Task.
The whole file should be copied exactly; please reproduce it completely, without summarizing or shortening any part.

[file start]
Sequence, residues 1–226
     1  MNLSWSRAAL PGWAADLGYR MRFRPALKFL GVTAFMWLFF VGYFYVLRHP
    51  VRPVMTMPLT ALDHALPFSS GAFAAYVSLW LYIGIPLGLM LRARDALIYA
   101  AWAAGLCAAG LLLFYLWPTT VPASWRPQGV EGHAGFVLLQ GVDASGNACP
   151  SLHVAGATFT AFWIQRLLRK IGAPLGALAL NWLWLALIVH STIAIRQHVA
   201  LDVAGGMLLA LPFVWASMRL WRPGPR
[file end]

Sequence, residues 1–226
     1  MNLSWSRAAL PGWAADLGYR MRFRPALKFL GVTAFMWLFF VGYFYVLRHP
    51  VRPVMTMPLT ALDHALPFSS GAFAAYVSLW LYIGIPLGLM LRARDALIYA
   101  AWAAGLCAAG LLLFYLWPTT VPASWRPQGV EGHAGFVLLQ GVDASGNACP
   151  SLHVAGATFT AFWIQRLLRK IGAPLGALAL NWLWLALIVH STIAIRQHVA
   201  LDVAGGMLLA LPFVWASMRL WRPGPR